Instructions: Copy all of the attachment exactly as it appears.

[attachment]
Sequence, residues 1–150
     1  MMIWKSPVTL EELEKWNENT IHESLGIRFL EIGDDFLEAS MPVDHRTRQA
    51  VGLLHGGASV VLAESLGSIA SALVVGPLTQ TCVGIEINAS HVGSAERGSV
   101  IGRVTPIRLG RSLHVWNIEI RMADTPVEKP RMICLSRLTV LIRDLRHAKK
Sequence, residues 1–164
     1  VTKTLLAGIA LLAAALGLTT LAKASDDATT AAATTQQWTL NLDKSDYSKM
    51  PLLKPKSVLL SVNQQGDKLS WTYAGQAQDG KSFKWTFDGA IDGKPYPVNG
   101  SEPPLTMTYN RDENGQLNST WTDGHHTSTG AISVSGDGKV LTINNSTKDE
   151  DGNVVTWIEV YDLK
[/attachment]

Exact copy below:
Sequence, residues 1–150
     1  MMIWKSPVTL EELEKWNENT IHESLGIRFL EIGDDFLEAS MPVDHRTRQA
    51  VGLLHGGASV VLAESLGSIA SALVVGPLTQ TCVGIEINAS HVGSAERGSV
   101  IGRVTPIRLG RSLHVWNIEI RMADTPVEKP RMICLSRLTV LIRDLRHAKK
Sequence, residues 1–164
     1  VTKTLLAGIA LLAAALGLTT LAKASDDATT AAATTQQWTL NLDKSDYSKM
    51  PLLKPKSVLL SVNQQGDKLS WTYAGQAQDG KSFKWTFDGA IDGKPYPVNG
   101  SEPPLTMTYN RDENGQLNST WTDGHHTSTG AISVSGDGKV LTINNSTKDE
   151  DGNVVTWIEV YDLK